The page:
Blunt message to veteran financial advisors: No way do millennials want FAs whose goal is to sell them products. They want advisors who focus on meeting their needs, as Eric Roberge, 38, a successful four-year “virtual advisor” targeting professionals in their 20s, 30s and 40s, told ThinkAdvisor in an interview.
Roberge is unquestionably representative of the new financial planner paradigm. As a virtual advisor, 85% of his client meetings are held via video — digitally, that is — using Skype or a similar service. Marketing himself as “a personal trainer for your finances,” the fee-only CFP takes the friendly exercise/sports theme further by charging most clients a monthly subscription, just like paying for a gym membership.
Of course social media plays a big part in Roberge’s M.O. More about that shortly.
He manages assets of $6.5 million, but right now, gathering assets isn’t what this planner is about. He is focused on helping young, motivated men and women who make at least $100,000 a year build wealth by developing constructive money habits.
Indeed, he zeros in on the principles of behavioral finance to first gain insight into what makes his millennial clients tick money-wise — vital information for both advisor and client.
A J.P. Morgan assistant treasurer before switching to financial planning, Roberge founded his practice, Beyond Your Hammock, in 2013. He prefers helping people who want to be actively involved in managing and investing their money and has coached more than 100 determined millennials get to that next level.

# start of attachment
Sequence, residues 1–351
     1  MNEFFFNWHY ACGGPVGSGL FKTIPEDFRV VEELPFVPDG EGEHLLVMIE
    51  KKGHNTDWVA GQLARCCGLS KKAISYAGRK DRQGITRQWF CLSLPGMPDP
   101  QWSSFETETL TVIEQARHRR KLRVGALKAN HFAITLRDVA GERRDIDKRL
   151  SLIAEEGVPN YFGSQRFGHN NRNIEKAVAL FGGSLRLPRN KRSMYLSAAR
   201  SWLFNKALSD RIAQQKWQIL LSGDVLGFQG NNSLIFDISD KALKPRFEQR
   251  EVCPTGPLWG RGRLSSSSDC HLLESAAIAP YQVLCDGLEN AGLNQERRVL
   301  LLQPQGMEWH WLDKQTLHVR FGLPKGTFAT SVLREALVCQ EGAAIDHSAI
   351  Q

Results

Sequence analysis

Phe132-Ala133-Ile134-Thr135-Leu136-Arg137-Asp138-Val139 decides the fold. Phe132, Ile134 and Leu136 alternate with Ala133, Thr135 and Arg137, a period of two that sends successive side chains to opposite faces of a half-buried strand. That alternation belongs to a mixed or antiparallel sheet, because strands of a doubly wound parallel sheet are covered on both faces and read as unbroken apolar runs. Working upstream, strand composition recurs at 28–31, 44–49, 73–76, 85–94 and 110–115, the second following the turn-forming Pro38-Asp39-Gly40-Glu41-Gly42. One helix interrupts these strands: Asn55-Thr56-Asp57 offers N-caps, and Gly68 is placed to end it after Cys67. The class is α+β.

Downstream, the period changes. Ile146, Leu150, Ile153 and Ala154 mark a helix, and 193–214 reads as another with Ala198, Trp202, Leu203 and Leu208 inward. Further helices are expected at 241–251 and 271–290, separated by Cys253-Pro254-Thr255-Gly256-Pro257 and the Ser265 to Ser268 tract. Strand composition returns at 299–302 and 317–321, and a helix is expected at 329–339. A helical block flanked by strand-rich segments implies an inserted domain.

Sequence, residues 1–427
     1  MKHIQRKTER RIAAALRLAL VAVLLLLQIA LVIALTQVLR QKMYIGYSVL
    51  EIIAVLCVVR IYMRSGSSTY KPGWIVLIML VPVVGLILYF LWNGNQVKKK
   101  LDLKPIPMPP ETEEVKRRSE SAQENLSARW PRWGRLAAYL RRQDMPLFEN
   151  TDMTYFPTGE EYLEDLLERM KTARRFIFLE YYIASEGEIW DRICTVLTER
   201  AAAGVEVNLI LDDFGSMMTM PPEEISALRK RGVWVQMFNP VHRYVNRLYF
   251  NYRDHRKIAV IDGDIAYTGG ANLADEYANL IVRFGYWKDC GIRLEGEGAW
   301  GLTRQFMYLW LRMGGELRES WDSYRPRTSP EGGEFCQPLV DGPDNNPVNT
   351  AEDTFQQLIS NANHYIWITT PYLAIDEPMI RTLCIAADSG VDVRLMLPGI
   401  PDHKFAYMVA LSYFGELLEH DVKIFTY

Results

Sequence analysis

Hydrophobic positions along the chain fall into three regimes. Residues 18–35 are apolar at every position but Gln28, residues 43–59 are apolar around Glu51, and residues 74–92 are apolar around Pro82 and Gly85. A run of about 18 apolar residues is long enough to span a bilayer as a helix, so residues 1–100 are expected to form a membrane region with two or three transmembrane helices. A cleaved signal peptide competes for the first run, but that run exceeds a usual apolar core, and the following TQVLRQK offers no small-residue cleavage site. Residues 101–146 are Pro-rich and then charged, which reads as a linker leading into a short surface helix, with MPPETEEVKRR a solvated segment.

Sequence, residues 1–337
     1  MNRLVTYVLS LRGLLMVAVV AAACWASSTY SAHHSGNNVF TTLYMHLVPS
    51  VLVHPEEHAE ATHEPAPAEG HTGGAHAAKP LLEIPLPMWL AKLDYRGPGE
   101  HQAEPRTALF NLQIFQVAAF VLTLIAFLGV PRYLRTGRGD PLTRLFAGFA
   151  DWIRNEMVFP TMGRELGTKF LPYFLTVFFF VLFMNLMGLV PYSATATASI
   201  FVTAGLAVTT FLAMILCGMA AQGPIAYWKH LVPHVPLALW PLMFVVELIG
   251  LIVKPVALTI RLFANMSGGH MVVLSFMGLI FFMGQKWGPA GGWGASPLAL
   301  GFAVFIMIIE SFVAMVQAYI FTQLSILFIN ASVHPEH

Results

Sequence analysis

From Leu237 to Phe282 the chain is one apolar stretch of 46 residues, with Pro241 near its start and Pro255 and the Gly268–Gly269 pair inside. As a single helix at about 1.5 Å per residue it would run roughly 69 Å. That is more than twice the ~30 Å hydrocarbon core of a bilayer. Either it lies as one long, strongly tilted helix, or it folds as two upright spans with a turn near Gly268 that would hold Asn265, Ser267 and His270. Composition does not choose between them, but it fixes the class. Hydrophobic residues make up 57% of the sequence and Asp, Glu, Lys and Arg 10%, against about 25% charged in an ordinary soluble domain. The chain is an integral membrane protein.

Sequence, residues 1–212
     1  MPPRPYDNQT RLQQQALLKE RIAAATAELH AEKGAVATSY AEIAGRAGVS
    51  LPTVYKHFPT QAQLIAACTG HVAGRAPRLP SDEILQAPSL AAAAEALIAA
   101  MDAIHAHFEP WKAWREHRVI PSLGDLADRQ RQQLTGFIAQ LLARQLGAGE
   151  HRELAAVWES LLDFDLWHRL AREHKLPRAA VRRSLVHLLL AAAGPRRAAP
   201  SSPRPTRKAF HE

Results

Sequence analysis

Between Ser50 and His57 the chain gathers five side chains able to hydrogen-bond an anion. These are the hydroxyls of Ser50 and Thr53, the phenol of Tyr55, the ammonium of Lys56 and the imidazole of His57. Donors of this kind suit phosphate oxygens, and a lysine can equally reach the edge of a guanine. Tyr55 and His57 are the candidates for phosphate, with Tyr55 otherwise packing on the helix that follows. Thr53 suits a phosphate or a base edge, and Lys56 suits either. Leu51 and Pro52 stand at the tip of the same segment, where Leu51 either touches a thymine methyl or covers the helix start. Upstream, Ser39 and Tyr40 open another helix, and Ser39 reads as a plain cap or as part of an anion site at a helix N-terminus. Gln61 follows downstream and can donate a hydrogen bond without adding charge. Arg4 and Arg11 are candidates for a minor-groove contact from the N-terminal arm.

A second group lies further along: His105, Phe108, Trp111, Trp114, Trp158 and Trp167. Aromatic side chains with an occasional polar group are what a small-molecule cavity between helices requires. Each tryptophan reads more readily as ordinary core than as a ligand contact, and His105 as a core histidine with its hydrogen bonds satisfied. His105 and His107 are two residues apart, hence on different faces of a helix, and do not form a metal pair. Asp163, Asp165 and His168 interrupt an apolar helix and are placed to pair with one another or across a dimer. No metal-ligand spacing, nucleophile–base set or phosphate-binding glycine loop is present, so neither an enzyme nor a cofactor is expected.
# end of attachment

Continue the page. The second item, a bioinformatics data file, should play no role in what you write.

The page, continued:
How to connect with this cohort? Roberge confirms what you likely already know: Go where they go. The CFP is an expert at working the fertile terrain of social media, with his networks numbering 1,000-plus on Facebook, 2,000-plus on Twitter and about 1,000 on LinkedIn.
The trick to harnessing social media, he says, is to generate and post engaging content that indicates specific ways you can help the next-gen folks you’re pursuing.
Roberge charges most clients a monthly subscription fee for which he provides ongoing financial planning; when assets reach $500,000, some clients switch to an AUM model. He maintains a flat fee to create a financial plan only.
For the first six years of his career, the Methuen, Massachusetts-born FA worked at two big banks. He trained at State Street and there became a portfolio accountant pricing mutual funds. At J.P. Morgan, he was a supervisor in the mutual fund tax department.
By 2007, seeking personal fulfillment working with investors one-on-one, he left the bank and became a financial planner.
Stints at small firms followed, where he helped folks invest and also sold insurance. In the summer of 2013 he launched Beyond Your Hammock, a name that piques curiosity, which is precisely why he chose it.
The solo advisor incurred only about $12,000 in startup costs that first year and still keeps expenses low by paying monthly for a CIC co-working space in Boston’s financial district.
To set up shop daily, all he does is yank his laptop out of his backpack. Face-to-face meetings are held in one of several on-site conference rooms.
In a recent interview with ThinkAdvisor, Roberge revealed secrets to his success and why nowadays young advisors have clear advantages working with millennials over FAs who entered the business a few decades ago. Here are highlights from our interview:
THINKADVISOR: What’s your advice for veteran financial advisors who want to pursue millennial clients?